My name is Elise and I’m currently getting over my social media addiction.
The other day with my Urban Cultural Life class I visited the Leslie-Lohman Museum of Gay and Lesbian Art. The current exhibit there, Interface, revolved around the idea of “queer artists forming communities through social media.” Before visiting this exhibit I never thought about how social media impacts art, only how it impacted myself and my friends. Each piece included a quick word by the artist on how social media has impacted their work, positively or negatively. I learned that because of social media, more queer art can circulate, reaching larger audiences from around the world. This is important for queer art, because one benefit of the internet and social media is informing and spreading awareness to areas of the world where the art (or gayness as a whole) is not accepted. The exhibit made me think a lot about my social media usage, which at all times is obnoxious.
As an avid social media user and abuser, I am often (aka always) on Facebook, Instagram, Snapchat, Tumblr, or all at the same time. It recently occurred to me how weird social media is. The whole idea behind it is so strange. The fact that some researchers say that a Facebook addiction activates the same brain areas as drugs, is quite startling. The way that Tumblr can steal hours of your life without you even realizing it, is concerning. The idea that “Do it for the Insta” is even a thing, shows me that people will literally experience things only so that others can know it. The saying: “if a white girl works out and doesn’t post about it on social media, did she really work out?” (and similar sayings) is sad. It’s sad because it’s true and I do it all the time.
My friends and family, and poor social media followers, all know that if I don’t respond to something in less than five minutes I’m probably in a coma or held captive without my cell phone. In an attempt to decrease my addiction to social media, I decided to go one week without any social media outlet. While this sounds heroic in theory, I regret to inform you that I only lasted 24 hours (and barely). After deciding to go on a cleanse, I felt empowered and freed. I started thinking about all the books I would read since I now wouldn’t be going on Facebook. What about the homework from my summer classes that I could start and finish early since there would be so much more free time? I looked down at my watch, it had only been 35 minutes without social media. I shortly after opened Instagram, and that ended the entire cleanse.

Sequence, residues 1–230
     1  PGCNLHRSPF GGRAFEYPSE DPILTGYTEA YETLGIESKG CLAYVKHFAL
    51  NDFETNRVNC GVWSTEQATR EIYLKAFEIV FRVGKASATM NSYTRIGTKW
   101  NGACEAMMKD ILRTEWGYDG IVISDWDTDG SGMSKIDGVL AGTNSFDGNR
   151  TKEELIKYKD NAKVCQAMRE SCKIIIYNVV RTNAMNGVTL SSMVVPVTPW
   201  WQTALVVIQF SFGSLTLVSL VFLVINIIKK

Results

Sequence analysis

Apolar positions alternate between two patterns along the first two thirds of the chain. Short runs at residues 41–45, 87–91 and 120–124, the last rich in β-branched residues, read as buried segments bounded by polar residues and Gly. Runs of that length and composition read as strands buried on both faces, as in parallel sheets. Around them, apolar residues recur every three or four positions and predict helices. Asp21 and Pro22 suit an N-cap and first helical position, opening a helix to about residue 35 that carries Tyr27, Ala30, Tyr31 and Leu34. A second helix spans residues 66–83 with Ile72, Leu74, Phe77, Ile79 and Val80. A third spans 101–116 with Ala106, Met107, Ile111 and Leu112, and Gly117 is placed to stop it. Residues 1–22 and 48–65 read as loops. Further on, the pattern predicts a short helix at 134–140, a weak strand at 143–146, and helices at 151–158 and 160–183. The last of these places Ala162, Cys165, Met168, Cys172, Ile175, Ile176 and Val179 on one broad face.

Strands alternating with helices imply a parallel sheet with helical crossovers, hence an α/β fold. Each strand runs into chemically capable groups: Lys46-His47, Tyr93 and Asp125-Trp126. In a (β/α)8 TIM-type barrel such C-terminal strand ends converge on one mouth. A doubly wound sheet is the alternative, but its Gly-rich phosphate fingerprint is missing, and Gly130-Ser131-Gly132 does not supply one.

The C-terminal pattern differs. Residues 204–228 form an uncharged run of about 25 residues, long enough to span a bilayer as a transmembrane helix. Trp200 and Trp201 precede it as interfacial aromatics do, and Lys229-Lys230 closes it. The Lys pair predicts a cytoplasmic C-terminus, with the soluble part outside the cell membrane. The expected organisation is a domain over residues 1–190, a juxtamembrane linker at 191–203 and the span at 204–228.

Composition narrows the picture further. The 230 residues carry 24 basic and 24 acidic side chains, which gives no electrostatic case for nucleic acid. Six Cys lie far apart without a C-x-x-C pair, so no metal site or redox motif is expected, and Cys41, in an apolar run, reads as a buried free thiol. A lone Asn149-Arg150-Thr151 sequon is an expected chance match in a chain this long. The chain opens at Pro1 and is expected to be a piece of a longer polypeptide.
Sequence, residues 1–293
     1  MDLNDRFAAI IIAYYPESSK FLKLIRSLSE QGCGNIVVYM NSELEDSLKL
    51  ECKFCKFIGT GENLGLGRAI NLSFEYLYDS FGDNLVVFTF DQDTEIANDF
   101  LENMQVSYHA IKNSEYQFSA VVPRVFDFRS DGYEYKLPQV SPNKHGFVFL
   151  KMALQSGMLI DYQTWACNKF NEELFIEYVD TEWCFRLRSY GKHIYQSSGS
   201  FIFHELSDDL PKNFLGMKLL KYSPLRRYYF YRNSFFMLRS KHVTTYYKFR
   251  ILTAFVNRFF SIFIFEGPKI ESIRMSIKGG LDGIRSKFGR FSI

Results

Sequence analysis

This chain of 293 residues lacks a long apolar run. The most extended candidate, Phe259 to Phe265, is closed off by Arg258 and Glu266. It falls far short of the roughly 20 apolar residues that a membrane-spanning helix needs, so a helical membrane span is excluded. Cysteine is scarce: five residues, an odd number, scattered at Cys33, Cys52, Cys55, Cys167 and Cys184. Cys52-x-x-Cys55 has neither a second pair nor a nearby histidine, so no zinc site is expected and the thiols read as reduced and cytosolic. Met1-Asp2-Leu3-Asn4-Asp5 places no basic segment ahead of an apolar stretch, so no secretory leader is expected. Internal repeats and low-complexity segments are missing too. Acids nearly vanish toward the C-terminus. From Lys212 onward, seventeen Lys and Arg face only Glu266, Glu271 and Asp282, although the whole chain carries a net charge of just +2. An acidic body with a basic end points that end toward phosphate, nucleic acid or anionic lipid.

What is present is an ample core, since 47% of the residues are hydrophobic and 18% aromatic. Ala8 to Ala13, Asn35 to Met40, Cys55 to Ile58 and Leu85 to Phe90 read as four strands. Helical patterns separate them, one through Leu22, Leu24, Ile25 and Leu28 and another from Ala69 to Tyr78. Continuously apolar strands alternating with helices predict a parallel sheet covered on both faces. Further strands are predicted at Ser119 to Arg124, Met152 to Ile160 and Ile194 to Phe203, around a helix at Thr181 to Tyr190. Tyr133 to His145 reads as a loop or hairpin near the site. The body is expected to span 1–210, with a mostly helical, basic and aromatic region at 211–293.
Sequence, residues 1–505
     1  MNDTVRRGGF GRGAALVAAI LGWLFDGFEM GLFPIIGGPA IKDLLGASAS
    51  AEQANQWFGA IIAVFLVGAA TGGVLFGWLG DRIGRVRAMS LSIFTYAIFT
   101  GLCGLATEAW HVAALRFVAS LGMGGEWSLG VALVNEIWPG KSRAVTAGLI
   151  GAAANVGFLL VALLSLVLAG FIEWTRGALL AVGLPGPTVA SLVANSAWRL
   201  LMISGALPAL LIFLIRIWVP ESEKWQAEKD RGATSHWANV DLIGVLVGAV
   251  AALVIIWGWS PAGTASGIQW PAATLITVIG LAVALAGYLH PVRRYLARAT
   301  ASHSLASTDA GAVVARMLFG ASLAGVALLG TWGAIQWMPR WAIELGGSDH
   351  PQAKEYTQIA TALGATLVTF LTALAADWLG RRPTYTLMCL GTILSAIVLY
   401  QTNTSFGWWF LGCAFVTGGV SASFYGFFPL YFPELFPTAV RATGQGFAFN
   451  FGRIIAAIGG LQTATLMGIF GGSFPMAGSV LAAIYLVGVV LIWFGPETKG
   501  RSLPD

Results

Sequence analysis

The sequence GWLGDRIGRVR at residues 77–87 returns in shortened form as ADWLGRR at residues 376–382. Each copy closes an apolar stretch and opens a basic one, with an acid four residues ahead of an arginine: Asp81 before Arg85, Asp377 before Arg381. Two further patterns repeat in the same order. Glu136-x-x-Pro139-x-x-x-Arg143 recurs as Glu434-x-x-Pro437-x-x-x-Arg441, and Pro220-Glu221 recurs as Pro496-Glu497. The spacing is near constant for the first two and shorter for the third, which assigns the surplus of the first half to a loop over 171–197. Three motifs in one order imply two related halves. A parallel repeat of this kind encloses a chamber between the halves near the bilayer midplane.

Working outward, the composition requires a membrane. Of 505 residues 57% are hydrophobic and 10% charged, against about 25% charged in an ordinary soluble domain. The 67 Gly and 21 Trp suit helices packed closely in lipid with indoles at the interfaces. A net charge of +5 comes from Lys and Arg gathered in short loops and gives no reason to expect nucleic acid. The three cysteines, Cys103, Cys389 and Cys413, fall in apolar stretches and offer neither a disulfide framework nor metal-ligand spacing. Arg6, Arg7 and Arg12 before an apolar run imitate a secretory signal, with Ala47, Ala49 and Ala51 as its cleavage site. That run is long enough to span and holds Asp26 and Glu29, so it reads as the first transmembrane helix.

While I didn’t go one week without social media, I decided to delete my Snapchat and have my younger sister change my FB password. Although I did go one week without social media when I taught English in the Dominican Republic over Spring Break, I could never last one week without social media otherwise as that just simply seems impossible at this time. However, when I finally decided to delete Snapchat and turn off cellular so that while walking in the city nobody could bother me on my phone, I realized that my life did change. After work one day, I decided to take a scenic route home, one that took me down the Chelsea Highline. Even though I have walked the Highline multiple times, as family members always want to visit, I had never done so without my phone. I didn’t feel the need to post a snap story of the iconic murals and beautiful landscape just so that other people would know I have a ‘chic NYC life in which I do cool things like walk on rooftop parks.’ Instead, I was doing this for me, something to make me happy. Going without social media has made me realize that I was spending so much time online that I didn’t get to do the NYC summer bucket list things I’d wanted to. I’m not sure how long I’ll last without social media, to be honest probably only one more day or two. However, I do know that it’s not going to take over my life as much as it used to.